The 1st term of a sequence of positive integers is $2$; the second term is $6$; the third term is $12$; and the fourth term is $20$. The sequence continues in this manner with the positive difference between successive terms increasing by $2$ each time.The $(n+1)$ term of these sequence can be expressed as $kn^3+pn^2+wn+q$ where $k,p,w,q$ are integers.

How could I find the sum of $k,p,w,q$? I know for a fact that the answer is 6. However I am unsure of the process.

  • $\begingroup$ If you want to know the individual coefficients of $kn^3+pn^2+wn+q$ (although you really don't need them for this question), one way to find them is the method of differences. See math.stackexchange.com/questions/999324/… for example. $\endgroup$ – David K Feb 10 '17 at 4:00

You have that $a_{n+1}=kn^3+pn^2+wn+q$ then plugging in $n=1$ you have that $a_{2}=k\cdot 1^3+p\cdot 1^2+w\cdot 1+q=k+p+w+q=6$

  • $\begingroup$ Wow, that way actually requires some insightful thinking. I just recognized the formula for $a_{n+1}$ as a product of linear factors and multiplied them to get the polynomial. $\endgroup$ – David K Feb 8 '17 at 2:31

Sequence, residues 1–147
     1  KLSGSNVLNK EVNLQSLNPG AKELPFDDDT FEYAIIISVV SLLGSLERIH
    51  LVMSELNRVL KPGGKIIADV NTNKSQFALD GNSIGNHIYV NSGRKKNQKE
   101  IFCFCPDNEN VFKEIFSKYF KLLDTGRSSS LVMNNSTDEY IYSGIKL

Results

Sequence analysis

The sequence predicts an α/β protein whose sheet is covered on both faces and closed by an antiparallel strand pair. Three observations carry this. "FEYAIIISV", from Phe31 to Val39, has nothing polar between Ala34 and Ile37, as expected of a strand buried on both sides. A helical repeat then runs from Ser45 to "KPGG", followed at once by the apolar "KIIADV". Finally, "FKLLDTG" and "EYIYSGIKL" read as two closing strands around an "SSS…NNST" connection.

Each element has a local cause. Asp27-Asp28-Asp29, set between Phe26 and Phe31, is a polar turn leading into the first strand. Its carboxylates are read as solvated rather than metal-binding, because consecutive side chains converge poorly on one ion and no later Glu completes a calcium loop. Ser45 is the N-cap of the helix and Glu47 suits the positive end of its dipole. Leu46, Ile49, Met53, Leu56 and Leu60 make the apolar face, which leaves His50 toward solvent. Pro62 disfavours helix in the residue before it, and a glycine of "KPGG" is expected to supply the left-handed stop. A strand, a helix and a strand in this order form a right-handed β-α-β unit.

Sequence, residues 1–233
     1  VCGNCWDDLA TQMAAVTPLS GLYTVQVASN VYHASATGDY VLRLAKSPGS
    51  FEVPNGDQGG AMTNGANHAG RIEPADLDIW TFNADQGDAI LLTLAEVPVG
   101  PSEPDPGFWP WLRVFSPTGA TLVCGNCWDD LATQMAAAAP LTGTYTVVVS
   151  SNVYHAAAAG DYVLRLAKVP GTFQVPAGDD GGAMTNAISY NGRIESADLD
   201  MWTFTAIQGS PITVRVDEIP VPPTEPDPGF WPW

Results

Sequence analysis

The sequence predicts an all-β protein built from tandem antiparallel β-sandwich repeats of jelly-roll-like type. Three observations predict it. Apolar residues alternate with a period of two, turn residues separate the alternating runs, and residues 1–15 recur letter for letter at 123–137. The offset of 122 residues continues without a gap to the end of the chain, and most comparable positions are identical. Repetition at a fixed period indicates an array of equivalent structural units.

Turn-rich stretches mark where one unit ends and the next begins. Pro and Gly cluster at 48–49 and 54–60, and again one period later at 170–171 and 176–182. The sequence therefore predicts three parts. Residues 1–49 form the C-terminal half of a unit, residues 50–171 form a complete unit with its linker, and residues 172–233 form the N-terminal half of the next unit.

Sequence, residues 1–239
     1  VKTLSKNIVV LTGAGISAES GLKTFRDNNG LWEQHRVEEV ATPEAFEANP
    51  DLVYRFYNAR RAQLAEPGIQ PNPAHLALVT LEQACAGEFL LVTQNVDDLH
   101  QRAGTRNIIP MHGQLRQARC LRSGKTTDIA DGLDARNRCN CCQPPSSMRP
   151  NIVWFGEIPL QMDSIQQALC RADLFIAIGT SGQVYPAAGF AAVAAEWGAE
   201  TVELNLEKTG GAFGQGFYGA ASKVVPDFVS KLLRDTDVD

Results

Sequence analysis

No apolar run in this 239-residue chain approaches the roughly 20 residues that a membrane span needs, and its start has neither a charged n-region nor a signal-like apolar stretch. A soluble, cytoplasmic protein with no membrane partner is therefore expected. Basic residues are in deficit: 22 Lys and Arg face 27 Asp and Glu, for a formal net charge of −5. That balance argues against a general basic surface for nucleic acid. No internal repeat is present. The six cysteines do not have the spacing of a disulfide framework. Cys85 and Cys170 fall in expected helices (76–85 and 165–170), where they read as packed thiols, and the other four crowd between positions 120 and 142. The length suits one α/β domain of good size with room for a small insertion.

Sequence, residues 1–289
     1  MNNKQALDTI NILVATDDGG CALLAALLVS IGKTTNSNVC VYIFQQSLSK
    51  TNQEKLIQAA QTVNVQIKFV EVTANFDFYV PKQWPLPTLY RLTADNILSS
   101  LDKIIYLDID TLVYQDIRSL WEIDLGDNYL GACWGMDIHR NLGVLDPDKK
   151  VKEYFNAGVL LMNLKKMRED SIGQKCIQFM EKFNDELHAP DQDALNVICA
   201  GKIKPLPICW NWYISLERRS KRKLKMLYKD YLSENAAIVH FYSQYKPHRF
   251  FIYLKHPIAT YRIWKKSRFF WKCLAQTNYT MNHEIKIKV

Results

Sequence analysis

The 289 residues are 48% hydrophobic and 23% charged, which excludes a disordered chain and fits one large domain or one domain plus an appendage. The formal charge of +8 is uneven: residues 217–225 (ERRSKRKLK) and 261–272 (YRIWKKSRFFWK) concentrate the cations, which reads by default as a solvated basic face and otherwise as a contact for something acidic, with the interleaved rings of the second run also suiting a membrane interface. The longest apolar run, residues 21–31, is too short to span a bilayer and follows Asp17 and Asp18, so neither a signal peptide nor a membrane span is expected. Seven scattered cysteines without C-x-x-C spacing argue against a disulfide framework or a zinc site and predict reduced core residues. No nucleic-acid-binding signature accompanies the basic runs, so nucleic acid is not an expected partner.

• $\begingroup$ @DavidK I couldn't quite recognize the formula so I thought I should create a system of equations, I started by plugging $n=1$ and voila. :) $\endgroup$ – kingW3 Feb 8 '17 at 2:45
  • $\begingroup$ I think that's likely how you're supposed to do this problem. My way is much less economical. $\endgroup$ – David K Feb 8 '17 at 3:55
  • $\begingroup$ Is there a way to find out what the values of k, p, w and q are individually? $\endgroup$ – user3753 Feb 8 '17 at 3:56
  • $\begingroup$ @user3753 Plug in $n=2,3,4$ then you have 4 equations with 4 unknowns. $\endgroup$ – kingW3 Feb 8 '17 at 15:40

The shortest approach (if for an exam) is that given in the solution posted by @kingW3.

For additional information, the following might be useful.

$$\begin{align} \big\lbrace 2,6,12,20,...\big\rbrace &=2\cdot \big\lbrace 1,3,6,10,...\big\rbrace\\ &=2\cdot \binom n2 &&(n=1,2,3,4,...)\\ &=n(n+1) \end{align}$$

The $(n+1)$-th term is $(n+1)(n+2)=n^2+3n+2$. Sum of coefficients = $1+3+2=\color{red}6$.


Your Answer

By clicking “Post Your Answer”, you agree to our terms of service, privacy policy and cookie policy

Not the answer you're looking for? Browse other questions tagged or ask your own question.